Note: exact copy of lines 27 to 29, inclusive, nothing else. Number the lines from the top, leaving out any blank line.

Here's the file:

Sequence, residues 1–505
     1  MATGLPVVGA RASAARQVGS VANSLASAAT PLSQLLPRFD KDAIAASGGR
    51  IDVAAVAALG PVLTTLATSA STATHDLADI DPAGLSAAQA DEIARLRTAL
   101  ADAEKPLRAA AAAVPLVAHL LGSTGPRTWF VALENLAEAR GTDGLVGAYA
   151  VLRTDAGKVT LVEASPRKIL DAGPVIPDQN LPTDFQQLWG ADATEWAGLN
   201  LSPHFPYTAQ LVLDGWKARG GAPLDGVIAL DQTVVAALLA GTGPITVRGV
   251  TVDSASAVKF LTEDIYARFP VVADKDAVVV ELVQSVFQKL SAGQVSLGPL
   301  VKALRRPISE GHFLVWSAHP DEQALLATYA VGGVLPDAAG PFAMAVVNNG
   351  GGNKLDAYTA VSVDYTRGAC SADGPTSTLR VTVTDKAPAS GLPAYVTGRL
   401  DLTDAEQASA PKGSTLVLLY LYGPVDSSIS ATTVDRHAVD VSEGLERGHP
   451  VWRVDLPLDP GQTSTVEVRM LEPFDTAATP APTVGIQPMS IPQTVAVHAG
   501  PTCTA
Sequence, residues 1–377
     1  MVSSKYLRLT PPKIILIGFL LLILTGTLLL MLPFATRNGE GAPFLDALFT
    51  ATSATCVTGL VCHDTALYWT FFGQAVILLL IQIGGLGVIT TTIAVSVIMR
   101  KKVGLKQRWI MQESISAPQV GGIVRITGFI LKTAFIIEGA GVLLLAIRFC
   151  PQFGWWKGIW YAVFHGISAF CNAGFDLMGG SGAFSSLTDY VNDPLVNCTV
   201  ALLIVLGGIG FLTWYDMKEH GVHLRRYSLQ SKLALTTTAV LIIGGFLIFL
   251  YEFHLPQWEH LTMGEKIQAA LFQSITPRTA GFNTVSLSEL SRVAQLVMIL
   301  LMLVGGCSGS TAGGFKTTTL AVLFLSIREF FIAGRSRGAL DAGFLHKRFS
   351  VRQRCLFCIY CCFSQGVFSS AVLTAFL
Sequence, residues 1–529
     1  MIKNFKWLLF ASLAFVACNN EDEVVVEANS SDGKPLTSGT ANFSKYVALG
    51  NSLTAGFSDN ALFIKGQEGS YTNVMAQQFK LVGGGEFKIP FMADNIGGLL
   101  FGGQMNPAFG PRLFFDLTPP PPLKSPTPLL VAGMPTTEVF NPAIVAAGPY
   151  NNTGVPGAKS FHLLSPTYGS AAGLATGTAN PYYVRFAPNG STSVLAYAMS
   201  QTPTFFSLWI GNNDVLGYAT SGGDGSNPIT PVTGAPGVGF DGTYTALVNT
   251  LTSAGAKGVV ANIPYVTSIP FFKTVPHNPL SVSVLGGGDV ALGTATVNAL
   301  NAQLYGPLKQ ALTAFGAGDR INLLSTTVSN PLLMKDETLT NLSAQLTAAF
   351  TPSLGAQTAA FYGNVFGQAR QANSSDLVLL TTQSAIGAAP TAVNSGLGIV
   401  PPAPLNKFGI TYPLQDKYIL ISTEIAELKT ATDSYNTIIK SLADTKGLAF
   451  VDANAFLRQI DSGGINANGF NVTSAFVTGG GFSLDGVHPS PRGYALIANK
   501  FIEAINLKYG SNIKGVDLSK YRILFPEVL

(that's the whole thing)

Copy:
   201  QTPTFFSLWI GNNDVLGYAT SGGDGSNPIT PVTGAPGVGF DGTYTALVNT
   251  LTSAGAKGVV ANIPYVTSIP FFKTVPHNPL SVSVLGGGDV ALGTATVNAL
   301  NAQLYGPLKQ ALTAFGAGDR INLLSTTVSN PLLMKDETLT NLSAQLTAAF